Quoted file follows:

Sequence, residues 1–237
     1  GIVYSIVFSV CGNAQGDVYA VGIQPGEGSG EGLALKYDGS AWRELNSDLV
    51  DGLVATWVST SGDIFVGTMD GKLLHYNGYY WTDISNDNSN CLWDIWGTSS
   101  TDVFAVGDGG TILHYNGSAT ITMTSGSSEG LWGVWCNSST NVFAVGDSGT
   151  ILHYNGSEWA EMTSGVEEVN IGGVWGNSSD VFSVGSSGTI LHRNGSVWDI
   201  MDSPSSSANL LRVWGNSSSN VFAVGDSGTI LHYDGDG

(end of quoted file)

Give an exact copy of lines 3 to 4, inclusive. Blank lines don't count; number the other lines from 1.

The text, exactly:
    51  DGLVATWVST SGDIFVGTMD GKLLHYNGYY WTDISNDNSN CLWDIWGTSS
   101  TDVFAVGDGG TILHYNGSAT ITMTSGSSEG LWGVWCNSST NVFAVGDSGT